Abandoning nuclear power in favour of imported electricity from Quebec and new, high-efficiency natural gas plants, would save Ontario billions, says the Ontario Clean Air Alliance.
The money saved could be spent on health, education or other provincial programs, the alliance argues in a new report.
The Liberal government’s long term energy plan calls for the province to continue getting half its power from nuclear until 2030.
Plans call for two new reactors at Darlington. Massive overhauls of Darlington’s four existing reactors, and four reactors at the Bruce B station are also part of the plan. Nuclear spending would total $33 billion over 20 years.
That’s a mistake, the alliance argues in a report released Tuesday.
Under the best-case outlook, new nuclear units would produce power at 8 cents a kilowatt hour, it says
But given the history of cost over-runs on nuclear projects an actual cost of 19 cents or higher is more likely, it argues. (Moody’s, the credit rating service, projects costs of 15 cents or higher, it notes.)
What’s the alternative? The alliance says other sources are much cheaper.
Imported hydro power:
Quebec signed a deal to sell electricity to Vermont for 5.8 cents a kilowatt hour, the report notes.
“Pursuant to the National Energy Board Act, Hydro Quebec must give Ontario an opportunity to purchase electricity on terms and conditions as favorable as its export sale,” it says.
Ontario, which now gets only 1.8 per cent of its power from Quebec, could boost that to 17 per cent without expanding transmission links, the report says.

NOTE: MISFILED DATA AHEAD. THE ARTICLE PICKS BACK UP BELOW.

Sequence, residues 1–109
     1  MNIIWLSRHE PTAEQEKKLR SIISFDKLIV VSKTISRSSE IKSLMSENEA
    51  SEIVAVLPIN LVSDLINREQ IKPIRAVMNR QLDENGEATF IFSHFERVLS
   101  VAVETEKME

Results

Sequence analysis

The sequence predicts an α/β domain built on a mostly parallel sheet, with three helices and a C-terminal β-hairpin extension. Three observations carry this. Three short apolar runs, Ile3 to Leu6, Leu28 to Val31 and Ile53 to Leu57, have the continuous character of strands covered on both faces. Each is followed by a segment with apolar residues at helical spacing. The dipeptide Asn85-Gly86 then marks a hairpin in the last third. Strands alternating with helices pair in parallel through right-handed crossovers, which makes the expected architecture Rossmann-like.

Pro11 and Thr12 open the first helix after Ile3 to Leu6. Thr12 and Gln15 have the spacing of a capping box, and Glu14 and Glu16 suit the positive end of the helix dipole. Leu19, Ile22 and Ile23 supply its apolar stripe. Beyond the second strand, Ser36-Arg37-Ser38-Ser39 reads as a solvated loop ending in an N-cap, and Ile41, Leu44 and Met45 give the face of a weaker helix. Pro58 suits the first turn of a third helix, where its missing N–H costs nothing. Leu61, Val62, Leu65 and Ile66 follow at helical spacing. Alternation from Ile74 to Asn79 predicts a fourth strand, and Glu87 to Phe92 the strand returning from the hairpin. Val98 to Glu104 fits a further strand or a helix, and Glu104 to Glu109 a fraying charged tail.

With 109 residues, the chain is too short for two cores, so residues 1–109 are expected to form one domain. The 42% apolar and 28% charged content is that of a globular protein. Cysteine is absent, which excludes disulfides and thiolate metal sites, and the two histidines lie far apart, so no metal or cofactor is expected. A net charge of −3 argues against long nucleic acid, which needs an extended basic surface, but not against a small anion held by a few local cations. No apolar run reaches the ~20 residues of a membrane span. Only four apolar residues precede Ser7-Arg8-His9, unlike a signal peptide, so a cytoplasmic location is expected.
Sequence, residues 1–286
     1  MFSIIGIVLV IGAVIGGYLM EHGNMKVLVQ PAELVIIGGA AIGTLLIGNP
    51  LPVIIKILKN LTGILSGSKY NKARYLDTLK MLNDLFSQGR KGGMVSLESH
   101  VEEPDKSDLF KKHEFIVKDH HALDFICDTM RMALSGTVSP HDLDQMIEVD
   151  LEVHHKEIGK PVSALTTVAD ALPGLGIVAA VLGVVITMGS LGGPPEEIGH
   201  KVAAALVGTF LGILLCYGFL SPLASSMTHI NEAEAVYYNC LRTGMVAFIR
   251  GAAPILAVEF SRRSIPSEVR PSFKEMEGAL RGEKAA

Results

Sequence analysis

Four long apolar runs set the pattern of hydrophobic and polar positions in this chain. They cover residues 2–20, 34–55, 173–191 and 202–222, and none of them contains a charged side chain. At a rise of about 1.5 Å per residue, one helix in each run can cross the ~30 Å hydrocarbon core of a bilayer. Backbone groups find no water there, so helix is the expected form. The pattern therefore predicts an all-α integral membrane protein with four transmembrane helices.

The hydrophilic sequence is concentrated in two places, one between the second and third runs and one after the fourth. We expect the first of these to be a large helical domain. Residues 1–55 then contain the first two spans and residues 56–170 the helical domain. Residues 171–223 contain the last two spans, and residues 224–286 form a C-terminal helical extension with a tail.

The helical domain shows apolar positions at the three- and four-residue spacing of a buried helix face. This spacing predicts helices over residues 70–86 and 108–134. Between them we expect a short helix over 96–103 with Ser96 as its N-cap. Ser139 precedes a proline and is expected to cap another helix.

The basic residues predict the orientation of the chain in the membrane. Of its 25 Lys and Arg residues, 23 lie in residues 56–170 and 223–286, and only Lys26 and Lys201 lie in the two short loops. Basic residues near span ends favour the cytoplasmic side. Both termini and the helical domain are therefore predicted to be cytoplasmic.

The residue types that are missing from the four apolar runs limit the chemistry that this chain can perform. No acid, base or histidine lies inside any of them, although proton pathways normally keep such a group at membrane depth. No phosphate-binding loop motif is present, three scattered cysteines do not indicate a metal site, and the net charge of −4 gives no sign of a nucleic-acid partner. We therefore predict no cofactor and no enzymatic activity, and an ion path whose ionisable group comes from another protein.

Conservation and efficiency:
Ontario also has plenty of room to reduce its consumption, it argues: Ontario uses 27 per cent more power per capita than neighbouring New York.
And boosting efficiency is cheap. It costs about less than 5 cents a kilowatt hour to save power, which is cheaper than any form of new generation.
Ontario’s local utilities could drive down consumption by financing energy-saving home retrofits and the purchase of high-efficiency air conditioners, alliance chairman Jack Gibbons said in an interview.
They could also place more devices that switch off home air conditioners for short periods when peak demand is straining the system. About 10 per cent of home now have them; 50 per cent would be a better goal.
Combined heat and power plants:
These plants – which generally use waste heat to produce steam for industrial use – can also be expanded, the report argues. That costs about 6 cents a kilowatt hour.
The cost of filling half of Ontario’s energy needs through imported power from Quebec, plus combined heat and power plants and efficiency would be $3.7 billion a year, the report calculates.
Meanwhile, the annual cost of the same amount of power from nuclear units, even at 8 cents a kwh, would be $5.4 billion.
Gibbons argues that a non-nuclear strategy is also lower risk. The risks of mega-projects like nuclear stations going over budget are well known.
Long-term, fixed price contracts for imported power are very low risk, he said: “Hydro Quebec is a very reliable supplier.”
Pursuing a multitude of smaller scale generation and efficiency projects is also lower risk than nuclear mega-projects he said.
Ontario has another quick source of money, the report argues, which is shutting down last units of the Nanticoke and Lambton coal stations immediately. They’re due to shut down in 2014.
Ontario Power Generation has kept some units running at a loss, because they were needed for technical reasons to balance the grid. But the report argues that equipment put in place by Hydro One has now eliminated that need.
That would save a subsidy of $367 million a year that OPG is now receiving to keep coal units available.
Original article at The Star